Unintended Consequences

3 comments August 12th, 2008at 07:50am Posted by Eli

Longish story in today’s NYT Science News about the need to examine our Bold Technological Solutions to make sure that they don’t create even greater problems, especially as our technology becomes more and more powerful.

Last year, a private company proposed “fertilizing” parts of the ocean with iron, in hopes of encouraging carbon-absorbing blooms of plankton. Meanwhile, researchers elsewhere are talking about injecting chemicals into the atmosphere, launching sun-reflecting mirrors into stationary orbit above the earth or taking other steps to reset the thermostat of a warming planet.

This technology might be useful, even life-saving. But it would inevitably produce environmental effects impossible to predict and impossible to undo. So a growing number of experts say it is time for broad discussion of how and by whom it should be used, or if it should be tried at all.

Similar questions are being raised about nanotechnology, robotics and other powerful emerging technologies. There are even those who suggest humanity should collectively decide to turn away from some new technologies as inherently dangerous.

“The complexity of newly engineered systems coupled with their potential impact on lives, the environment, etc., raise a set of ethical issues that engineers had not been thinking about,” said William A. Wulf, a computer scientist who until last year headed the National Academy of Engineering. As one of his official last acts, he established the Center for Engineering, Ethics, and Society there.

Rachelle Hollander, a philosopher who directs the center, said the new technologies were so powerful that “our saving grace, our inability to affect things at a planetary level, is being lost to us,” as human-induced climate change is demonstrating.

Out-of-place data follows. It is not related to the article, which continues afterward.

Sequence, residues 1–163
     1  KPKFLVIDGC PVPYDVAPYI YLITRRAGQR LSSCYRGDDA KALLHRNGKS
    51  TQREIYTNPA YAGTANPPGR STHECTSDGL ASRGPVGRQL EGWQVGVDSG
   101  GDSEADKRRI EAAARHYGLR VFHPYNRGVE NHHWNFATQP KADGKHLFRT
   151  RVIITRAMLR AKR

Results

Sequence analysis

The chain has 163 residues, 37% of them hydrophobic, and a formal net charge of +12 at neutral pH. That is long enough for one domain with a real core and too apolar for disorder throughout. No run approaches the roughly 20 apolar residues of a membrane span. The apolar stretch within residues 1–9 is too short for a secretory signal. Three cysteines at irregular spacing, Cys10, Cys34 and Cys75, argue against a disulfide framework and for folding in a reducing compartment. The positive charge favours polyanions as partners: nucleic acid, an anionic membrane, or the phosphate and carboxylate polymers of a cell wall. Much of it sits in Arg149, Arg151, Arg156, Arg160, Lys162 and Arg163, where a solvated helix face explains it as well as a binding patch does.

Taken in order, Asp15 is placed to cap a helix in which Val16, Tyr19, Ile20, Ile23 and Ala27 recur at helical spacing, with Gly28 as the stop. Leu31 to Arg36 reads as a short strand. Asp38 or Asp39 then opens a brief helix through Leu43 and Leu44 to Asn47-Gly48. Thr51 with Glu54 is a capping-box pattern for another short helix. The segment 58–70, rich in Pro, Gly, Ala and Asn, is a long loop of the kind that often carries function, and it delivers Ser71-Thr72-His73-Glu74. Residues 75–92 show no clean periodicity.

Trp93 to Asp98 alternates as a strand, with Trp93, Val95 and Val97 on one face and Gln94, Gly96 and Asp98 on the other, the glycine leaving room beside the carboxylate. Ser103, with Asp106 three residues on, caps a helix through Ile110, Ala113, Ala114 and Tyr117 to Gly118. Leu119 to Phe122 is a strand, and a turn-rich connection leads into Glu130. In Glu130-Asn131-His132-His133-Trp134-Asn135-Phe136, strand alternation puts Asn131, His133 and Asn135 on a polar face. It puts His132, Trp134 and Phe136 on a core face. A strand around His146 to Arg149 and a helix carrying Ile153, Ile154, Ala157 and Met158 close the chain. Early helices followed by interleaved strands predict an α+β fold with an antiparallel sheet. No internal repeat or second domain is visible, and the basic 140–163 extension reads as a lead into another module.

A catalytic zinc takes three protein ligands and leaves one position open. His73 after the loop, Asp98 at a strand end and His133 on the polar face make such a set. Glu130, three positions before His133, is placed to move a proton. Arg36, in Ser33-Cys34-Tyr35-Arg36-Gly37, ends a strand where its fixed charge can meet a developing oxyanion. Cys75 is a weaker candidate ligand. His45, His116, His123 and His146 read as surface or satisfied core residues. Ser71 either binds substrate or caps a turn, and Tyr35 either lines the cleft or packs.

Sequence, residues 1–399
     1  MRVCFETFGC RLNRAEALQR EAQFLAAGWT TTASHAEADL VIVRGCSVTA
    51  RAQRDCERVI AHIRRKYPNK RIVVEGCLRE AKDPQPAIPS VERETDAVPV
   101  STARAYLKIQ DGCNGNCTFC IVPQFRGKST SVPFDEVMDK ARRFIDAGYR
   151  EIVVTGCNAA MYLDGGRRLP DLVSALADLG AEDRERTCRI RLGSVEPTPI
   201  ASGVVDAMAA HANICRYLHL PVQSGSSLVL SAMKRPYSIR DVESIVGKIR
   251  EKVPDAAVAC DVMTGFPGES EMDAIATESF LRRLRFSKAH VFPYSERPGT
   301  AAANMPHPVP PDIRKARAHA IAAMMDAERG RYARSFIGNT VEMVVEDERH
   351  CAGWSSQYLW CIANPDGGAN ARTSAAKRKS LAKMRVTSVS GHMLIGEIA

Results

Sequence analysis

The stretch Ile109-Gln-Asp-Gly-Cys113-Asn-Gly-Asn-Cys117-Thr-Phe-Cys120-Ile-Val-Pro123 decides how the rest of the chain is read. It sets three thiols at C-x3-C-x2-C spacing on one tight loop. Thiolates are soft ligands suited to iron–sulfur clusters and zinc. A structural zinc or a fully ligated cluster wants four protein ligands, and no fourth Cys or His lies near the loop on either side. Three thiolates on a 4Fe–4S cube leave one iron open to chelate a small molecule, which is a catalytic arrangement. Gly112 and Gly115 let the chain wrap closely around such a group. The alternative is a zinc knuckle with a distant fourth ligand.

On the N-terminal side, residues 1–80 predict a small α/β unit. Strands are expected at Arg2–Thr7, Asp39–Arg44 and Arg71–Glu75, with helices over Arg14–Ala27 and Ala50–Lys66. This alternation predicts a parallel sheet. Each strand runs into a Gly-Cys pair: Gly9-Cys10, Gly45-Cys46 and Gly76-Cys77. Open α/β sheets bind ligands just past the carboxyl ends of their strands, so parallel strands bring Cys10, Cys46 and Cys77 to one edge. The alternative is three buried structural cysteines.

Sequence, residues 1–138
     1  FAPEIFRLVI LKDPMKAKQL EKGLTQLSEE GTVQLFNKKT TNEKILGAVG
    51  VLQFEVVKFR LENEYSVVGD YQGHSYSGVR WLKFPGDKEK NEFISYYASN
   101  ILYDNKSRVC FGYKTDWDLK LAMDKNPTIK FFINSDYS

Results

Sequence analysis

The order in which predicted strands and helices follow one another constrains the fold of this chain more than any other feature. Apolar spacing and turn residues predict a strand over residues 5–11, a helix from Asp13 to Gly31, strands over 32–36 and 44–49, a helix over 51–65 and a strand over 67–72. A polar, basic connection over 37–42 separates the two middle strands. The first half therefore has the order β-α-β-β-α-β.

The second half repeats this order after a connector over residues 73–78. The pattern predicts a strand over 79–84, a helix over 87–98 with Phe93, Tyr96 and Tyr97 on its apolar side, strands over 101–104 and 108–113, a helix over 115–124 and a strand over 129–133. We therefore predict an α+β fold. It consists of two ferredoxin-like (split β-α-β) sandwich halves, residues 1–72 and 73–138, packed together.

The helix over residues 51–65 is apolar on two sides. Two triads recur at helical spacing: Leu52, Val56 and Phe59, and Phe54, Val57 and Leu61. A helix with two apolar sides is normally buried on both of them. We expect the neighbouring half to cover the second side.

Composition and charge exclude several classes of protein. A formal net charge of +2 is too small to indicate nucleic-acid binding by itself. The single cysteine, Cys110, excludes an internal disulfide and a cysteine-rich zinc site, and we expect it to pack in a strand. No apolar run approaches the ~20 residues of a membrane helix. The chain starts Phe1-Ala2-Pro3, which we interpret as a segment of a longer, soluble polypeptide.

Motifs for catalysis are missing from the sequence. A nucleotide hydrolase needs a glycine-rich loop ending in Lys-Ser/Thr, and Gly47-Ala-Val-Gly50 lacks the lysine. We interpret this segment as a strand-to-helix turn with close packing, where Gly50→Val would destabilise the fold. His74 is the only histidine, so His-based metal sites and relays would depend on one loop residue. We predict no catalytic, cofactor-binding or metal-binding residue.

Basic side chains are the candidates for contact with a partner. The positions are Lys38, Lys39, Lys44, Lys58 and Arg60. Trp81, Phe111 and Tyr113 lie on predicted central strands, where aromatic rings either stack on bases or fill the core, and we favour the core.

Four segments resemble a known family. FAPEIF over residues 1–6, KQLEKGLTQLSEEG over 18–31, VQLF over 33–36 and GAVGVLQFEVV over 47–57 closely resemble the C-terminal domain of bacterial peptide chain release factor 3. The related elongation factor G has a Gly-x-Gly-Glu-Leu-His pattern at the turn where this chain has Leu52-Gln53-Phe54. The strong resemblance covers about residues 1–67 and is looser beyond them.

(…)

[R]esearchers working in geoengineering say they worry that if people realize there are possible technical fixes for global warming, they will feel less urgency about reducing greenhouse gas emissions. “Even beginning the discussion, putting geoengineering on the table and beginning the scientific work could in itself make us less concerned about all the things that we need to start doing now,” Dr. Light said. On the other hand, some climate scientists argue that if people realized such drastic measures were on the horizon, they would be frightened enough to reduce their collective carbon footprint. Still others say that, given the threat global warming poses to the planet, it would be unethical not to embark on the work needed to engineer possible remedies — and to let policy makers know of its potential.

Okay, let me just interject here: People are going to be overly complacent about climate change – or at least their own personal responsibility for it – no matter what the scientists and engineers do, so I would strongly recommend focusing solely on whether the technical fixes will work and if they will have unintended consequences.  We can’t afford not to.